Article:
The pandemic saw a marked rise in supply chain cyberattacks that wreaked havoc on many companies’ operations. Andrew Woodhouse, CIO of UK-based RealVNC, spoke with StrategicCIO360 about how information chiefs can best minimize the fallout from such attacks, the importance of white box audits and why transparency is the best policy.
What can CIOs do to mitigate potential exposure to supply chain cyberattacks?
CIOs must ensure the software and tools they use are as secure as possible. The reality is that modern software is complicated and is made up of a number of components, including open-source libraries. Because software has such a high complexity level, it’s important to be aware of the potential vulnerabilities so you’re not unknowingly compromising your software.
For critical software—particularly software on the internet—vendors should be able to back up their claims of security and, ideally, be able to provide a software bill of materials, which would highlight if any known vulnerable libraries or dependencies are in use. Modern SCA tooling can provide summary reports detailing this and ideally your vendor should be transparent about this. Vendors able to show ISO27001 certification, an international standard on how to manage information security, also prove that as a business they are managing—and mitigating—risk.
If customers don’t know how secure a product is, they could end up blindsided by security threats. How can vendors prove the security of the products they’re providing?
Reaching out to respected and trusted third-party security specialists to have the source code audited—often referred to as a “white box” audit—will help improve your product and give customers confidence in deploying your software.
Commissioning these audits not only helps the vendor identify what areas need improvement internally, but also provides third-party credibility so customers don’t need to solely trust the vendor’s security claims. It shows that the company is transparent and is always working to improve its security posture. Since software is continually evolving, these audits should be performed regularly.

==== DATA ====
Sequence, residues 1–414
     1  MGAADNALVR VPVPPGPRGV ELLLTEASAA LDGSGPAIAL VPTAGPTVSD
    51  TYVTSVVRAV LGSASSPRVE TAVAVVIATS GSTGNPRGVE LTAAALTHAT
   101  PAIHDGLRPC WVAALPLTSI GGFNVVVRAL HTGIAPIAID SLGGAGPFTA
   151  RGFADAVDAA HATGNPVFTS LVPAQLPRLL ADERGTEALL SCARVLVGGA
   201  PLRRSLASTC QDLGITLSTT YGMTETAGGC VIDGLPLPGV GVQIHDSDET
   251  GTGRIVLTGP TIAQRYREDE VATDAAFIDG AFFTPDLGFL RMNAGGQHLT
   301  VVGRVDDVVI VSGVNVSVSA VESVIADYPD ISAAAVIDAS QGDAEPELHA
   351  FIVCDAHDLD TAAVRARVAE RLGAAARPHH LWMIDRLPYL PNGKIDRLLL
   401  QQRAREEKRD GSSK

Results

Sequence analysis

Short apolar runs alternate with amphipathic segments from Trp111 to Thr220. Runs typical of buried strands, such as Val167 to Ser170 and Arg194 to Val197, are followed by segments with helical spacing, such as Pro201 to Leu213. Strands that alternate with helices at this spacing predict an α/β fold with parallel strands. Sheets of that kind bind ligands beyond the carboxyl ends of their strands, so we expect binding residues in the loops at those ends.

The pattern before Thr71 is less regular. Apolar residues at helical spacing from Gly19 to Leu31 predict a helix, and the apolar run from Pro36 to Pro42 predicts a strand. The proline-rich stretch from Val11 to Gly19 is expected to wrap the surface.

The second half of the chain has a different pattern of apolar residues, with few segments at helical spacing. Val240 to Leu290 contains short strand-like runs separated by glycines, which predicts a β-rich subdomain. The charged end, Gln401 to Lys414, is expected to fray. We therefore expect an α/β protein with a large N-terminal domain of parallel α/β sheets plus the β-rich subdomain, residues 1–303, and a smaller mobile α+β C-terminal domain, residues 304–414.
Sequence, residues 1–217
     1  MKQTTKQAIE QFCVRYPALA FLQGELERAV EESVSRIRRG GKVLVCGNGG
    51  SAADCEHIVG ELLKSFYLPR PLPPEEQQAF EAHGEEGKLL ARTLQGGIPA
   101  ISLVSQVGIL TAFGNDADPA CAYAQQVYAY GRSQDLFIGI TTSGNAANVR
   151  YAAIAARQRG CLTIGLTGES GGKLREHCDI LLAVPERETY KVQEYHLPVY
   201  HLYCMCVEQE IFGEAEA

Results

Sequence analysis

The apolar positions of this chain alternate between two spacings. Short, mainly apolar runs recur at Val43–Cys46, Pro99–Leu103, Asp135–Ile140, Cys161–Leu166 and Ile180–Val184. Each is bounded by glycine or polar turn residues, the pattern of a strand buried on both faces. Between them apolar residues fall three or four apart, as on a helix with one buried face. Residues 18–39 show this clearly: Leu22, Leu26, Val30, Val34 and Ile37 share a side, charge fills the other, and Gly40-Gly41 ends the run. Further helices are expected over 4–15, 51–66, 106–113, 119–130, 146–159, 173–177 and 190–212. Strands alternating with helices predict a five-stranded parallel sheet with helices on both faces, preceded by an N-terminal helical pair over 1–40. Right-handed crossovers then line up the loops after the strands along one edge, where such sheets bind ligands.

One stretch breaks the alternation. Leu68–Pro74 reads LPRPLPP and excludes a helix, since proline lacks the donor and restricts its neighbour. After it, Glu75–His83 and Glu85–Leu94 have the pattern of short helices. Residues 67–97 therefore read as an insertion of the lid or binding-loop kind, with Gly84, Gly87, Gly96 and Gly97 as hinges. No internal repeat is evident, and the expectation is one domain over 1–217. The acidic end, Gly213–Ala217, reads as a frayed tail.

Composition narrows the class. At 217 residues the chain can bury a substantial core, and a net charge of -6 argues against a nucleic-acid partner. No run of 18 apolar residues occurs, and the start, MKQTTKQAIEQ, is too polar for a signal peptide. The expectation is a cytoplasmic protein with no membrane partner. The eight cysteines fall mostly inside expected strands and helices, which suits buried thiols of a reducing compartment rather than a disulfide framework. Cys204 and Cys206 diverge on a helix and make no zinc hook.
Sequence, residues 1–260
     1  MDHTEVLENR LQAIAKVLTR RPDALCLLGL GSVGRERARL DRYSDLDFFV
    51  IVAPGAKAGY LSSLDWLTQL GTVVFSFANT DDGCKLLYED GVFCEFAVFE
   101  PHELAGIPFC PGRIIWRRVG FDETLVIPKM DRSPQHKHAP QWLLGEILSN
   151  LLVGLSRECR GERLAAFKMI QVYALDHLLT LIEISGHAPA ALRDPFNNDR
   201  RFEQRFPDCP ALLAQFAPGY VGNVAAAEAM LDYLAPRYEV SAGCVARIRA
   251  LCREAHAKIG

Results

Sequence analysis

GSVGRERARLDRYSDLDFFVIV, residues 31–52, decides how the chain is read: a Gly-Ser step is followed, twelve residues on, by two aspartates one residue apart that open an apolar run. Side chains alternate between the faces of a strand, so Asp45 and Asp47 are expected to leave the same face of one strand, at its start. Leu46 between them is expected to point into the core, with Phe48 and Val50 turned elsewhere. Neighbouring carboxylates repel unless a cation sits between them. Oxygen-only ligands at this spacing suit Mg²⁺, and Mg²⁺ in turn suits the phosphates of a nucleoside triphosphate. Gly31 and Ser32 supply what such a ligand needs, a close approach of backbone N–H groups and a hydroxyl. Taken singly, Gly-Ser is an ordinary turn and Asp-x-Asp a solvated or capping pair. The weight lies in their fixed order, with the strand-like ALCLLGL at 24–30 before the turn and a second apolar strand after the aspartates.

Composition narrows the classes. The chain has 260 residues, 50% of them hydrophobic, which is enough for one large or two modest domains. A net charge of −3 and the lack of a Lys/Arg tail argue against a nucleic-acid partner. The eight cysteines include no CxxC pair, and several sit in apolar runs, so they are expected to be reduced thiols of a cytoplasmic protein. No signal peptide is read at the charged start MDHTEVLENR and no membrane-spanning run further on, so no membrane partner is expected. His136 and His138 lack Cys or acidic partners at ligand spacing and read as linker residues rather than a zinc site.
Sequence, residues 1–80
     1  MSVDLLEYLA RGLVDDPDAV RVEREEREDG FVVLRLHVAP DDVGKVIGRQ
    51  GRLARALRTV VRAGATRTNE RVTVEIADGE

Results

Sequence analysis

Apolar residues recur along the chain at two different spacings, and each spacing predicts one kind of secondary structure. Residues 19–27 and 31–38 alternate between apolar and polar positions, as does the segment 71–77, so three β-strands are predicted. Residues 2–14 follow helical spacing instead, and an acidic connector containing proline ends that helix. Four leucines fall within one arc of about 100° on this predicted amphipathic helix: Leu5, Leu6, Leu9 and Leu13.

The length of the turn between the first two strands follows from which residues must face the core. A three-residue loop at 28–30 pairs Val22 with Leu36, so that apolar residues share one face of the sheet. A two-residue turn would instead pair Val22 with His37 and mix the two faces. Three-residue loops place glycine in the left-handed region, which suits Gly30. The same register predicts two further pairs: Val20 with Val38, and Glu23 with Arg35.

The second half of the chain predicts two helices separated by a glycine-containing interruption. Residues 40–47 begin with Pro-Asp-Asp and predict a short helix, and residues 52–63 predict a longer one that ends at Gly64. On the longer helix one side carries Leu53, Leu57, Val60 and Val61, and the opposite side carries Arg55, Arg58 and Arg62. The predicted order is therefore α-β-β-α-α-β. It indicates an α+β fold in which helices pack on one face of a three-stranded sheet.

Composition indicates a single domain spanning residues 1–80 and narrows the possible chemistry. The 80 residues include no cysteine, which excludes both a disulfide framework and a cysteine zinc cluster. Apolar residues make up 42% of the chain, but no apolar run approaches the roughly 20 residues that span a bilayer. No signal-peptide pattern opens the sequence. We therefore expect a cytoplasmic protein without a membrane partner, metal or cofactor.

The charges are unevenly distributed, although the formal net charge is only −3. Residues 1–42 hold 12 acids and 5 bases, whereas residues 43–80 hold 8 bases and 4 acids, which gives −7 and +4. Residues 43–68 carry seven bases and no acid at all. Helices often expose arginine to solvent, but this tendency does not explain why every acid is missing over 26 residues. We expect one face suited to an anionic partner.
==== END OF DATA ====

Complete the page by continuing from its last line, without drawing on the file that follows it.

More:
Everyone needs to be in the mindset that they’re responsible for security. What can a CIO do to help spread this awareness?
The number one way to prevent security issues in an organization is to educate your staff, perform regular training to keep them informed of security threats, perform phishing and malware simulations, and conduct additional training as required for those who need it. A comprehensive set of InfoSec policies is super important—InfoSec standards like ISO27001 provide a great framework for managing InfoSec risk.
It’s also important to realize that your third-party vendors—regardless of the services they are providing—also need to be as secure as you are as an organization, and so it’s important to assess their security posture regularly.
Organizations are using third-party software more often now, which can pose a real risk. How can CIOs mitigate the risks of allowing their employees to use these types of software?
Ideally, user endpoints would be locked down to prevent users from installing and using potentially unsafe software that hasn’t been approved by the IT team. However, in today’s world this is difficult, particularly with BYOD and remote working, where the device or the network isn’t managed by the organization.
As such, in addition to technical measures such as not giving users admin access on their machine and performing audits of installed software, staff education is really very important so that they are cognizant of the risks—and know the process for requesting software. Again, InfoSec policy frameworks like ISO27001 can also help here.